Lawrence Summers (1994): Foreign Aid: Why Do It? And What Works?: "When the history of the final twenty years of the twentieth century is written, there will be two big stories: the end of the cold war and the transformation of the developing nations...

...It is only a slight exaggeration to say that this is the era when 3 billion people got on a rapid escalator to modernity.

Our discussion of foreign aid should start with the recognition that what is happening in the world's emerging markets is probably more important for U.S. interests than it has been at any time in the past fifty years. The maintenance of and support for stable prosperity in those parts of the world where progress is under way is central to the American purpose in the world. Here are five observations on the process of foreign assistance and the promotion of those objectives.

  1. To have important effects, policy needs to be leveraged. Even the Marshall Plan financed less than 5 percent of the investment that took place in Western Europe during the late 1940s. Achieving maximum leverage today means transferring knowledge about such subjects as securities markets, bank supervision, and educational reform but also making assistance conditional on policy reforms in the recipient countries.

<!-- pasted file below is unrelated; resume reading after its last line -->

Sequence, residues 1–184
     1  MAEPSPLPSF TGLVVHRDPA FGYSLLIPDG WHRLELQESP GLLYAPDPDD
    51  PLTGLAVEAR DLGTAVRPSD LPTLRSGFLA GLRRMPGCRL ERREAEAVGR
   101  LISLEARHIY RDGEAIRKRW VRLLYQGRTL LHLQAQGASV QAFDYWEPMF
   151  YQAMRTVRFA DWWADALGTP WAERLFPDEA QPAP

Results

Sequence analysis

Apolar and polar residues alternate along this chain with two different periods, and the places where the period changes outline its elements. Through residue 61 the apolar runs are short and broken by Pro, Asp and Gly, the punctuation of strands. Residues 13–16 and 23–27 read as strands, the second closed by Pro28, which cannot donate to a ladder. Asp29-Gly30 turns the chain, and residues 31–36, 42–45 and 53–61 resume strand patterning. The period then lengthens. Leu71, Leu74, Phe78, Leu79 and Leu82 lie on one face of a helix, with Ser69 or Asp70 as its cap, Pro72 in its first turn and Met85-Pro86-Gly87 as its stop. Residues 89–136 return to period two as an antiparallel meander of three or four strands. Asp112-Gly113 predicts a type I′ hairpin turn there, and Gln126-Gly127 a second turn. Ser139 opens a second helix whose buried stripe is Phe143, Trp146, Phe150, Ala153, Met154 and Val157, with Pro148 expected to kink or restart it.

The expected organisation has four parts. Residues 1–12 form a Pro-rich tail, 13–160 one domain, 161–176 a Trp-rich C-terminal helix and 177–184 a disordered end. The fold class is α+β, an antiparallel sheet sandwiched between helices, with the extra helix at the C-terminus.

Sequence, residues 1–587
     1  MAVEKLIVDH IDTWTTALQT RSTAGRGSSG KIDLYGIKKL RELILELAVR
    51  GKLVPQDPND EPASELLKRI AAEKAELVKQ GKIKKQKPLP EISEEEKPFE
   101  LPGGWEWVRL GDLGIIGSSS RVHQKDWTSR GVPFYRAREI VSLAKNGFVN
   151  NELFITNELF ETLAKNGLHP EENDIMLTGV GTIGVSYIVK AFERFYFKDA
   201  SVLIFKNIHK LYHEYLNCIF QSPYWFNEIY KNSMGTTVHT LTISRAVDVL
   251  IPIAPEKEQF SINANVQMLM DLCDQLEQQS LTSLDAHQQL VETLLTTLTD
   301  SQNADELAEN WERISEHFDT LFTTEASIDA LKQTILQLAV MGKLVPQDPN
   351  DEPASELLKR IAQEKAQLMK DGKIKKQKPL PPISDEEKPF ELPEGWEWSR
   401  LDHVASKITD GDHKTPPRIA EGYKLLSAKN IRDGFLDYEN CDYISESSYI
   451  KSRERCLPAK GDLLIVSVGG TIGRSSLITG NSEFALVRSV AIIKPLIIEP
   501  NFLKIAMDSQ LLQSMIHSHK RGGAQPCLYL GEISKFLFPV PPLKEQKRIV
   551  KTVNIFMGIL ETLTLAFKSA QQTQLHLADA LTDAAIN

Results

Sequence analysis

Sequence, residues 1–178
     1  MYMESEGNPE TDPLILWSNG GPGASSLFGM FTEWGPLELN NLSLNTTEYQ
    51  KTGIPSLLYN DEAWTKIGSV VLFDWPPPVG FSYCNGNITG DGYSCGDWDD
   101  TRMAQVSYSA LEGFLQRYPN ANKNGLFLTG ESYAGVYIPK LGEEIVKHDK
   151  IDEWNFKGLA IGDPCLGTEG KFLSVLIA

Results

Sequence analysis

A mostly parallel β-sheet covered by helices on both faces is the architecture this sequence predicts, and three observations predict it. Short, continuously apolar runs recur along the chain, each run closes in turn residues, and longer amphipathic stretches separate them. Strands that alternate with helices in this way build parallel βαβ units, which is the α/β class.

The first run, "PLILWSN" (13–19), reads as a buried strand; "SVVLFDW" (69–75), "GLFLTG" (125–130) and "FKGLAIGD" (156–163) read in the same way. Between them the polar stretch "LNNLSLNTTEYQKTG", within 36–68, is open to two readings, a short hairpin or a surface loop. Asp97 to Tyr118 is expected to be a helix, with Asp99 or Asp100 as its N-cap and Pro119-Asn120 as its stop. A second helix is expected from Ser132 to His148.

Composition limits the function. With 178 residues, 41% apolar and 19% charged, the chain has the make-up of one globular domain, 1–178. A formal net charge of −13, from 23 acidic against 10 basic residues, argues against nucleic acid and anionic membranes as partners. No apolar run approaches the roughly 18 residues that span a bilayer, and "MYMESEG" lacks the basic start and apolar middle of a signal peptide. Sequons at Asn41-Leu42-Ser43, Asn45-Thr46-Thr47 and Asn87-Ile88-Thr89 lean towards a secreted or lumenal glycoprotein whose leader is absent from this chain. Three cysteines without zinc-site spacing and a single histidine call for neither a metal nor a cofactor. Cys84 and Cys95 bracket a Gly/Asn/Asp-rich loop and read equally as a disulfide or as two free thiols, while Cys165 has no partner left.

2. There is a central role for administering multilateral assistance through international financial institutions. Last year's U.S. contribution to those institutions--about $2 billion--provided about $60 billion in program support, as well as a good deal of technical assistance and policy dialogue.

  3. Global problems represent an important item on the U.S. international agenda. Whether it is the security problem associated with extreme poverty, refugee relief, responses to environmental disasters, or even a cure for AIDS, we are moving toward increased assistance in these areas of global concern.

  4. U.S. foreign aid should adapt to changes in the private capital market. There still are too many countries for which de facto U.S. policy remains aid, not trade. That is surely wrong if one believes in promoting the private sector.

  5. Investments in people do matter. Increased education for girls, for example, would more than repay its costs purely as a family planning program, but since it is also a public health program and an investment in the next generation, it may well be the highest return investment that we and others can support.